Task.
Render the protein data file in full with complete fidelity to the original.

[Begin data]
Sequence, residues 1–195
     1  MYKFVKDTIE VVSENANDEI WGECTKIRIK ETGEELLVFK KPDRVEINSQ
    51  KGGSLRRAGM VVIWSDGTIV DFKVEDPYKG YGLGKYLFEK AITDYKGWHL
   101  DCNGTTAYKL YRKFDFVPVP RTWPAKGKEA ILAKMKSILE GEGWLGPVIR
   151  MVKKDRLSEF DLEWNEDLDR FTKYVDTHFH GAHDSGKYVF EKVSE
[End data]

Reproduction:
Sequence, residues 1–195
     1  MYKFVKDTIE VVSENANDEI WGECTKIRIK ETGEELLVFK KPDRVEINSQ
    51  KGGSLRRAGM VVIWSDGTIV DFKVEDPYKG YGLGKYLFEK AITDYKGWHL
   101  DCNGTTAYKL YRKFDFVPVP RTWPAKGKEA ILAKMKSILE GEGWLGPVIR
   151  MVKKDRLSEF DLEWNEDLDR FTKYVDTHFH GAHDSGKYVF EKVSE